Dating Thread and Freeing Grandma
I love magazines. Even as a child I delighted in the delivery of Highlights or the Weekly Reader. This week I opened several magazines expecting nothing related to sewing, and what pops out? Information and inspiration I may never have thought to Google without the nudge from these printed pages.
First was American Craft, Vol. 69, No. 6, December/January 2010, a story by Meribah Knight with charming illustrations by Laura Carlin. The subtitle reads: “Over a glass of wine and accompanied by National Public Radio, Meribah Knight spends many an evening negotiating buttonholes and self-facing zippers.” In the thought provoking text Meribah writes about her grandmother and mother and how their relationship with sewing differs. She says, “Our grandmothers had been oppressed by such women’s work, our mothers had opposed it, and we would elevate it.” She speaks to the desire we all have for something tactile in a digital world and quotes Feminist predecessors, “…it was finally OK to take back knitting because we had established ourselves in the workplace.” She’s on a mission to redefine the changing craft of sewing from what her grandmother did with it and what her mother thought of it. Look for an essay about sewing through three generations of women in her family in the December issue of O Magazine.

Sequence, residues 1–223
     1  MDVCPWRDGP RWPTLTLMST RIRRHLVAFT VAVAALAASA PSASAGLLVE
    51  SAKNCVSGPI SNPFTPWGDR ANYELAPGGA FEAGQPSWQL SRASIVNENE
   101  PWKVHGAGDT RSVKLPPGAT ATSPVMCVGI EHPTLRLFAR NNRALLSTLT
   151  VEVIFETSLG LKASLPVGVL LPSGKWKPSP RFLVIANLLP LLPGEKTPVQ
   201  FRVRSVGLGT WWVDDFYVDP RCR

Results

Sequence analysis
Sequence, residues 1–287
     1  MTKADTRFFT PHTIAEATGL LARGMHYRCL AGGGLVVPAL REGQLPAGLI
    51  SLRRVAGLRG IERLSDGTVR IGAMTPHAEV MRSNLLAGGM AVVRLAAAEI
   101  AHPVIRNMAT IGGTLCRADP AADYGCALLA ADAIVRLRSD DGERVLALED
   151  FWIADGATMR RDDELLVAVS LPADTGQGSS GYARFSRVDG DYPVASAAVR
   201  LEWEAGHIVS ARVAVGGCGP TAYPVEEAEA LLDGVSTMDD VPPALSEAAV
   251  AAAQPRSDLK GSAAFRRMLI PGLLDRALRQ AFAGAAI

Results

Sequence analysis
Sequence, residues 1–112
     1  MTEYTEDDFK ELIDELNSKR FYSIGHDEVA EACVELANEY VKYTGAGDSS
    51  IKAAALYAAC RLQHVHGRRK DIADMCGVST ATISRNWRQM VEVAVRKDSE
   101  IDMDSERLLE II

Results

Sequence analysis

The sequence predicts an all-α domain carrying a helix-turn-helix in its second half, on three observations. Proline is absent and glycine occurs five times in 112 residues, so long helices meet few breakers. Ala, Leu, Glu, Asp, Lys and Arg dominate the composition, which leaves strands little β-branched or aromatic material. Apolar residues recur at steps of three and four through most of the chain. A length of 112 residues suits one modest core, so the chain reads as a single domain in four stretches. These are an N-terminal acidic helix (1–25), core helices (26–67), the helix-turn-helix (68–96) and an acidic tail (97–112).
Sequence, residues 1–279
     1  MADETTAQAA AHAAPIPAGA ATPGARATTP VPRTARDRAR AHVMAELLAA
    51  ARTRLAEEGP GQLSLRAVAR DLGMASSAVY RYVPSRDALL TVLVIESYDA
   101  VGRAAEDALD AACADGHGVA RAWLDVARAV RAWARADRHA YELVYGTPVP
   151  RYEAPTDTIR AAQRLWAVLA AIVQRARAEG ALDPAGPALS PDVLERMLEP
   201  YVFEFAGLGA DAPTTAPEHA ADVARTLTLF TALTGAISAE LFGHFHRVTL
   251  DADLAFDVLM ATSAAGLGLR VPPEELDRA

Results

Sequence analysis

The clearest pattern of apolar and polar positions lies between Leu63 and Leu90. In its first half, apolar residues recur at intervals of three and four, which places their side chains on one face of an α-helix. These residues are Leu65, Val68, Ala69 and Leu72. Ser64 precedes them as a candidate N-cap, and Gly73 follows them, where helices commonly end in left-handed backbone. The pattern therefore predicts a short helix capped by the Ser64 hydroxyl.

Then, I picked up the November 2009 Smithsonian and read they’ve found 30,000 year old thread! This is thrilling. It all causes me to do some Online searching which took me this post on public radio to read more about these ancient threads. I guess this is living in the 21st century and experiencing multi-media. And now for that needle in the haystack.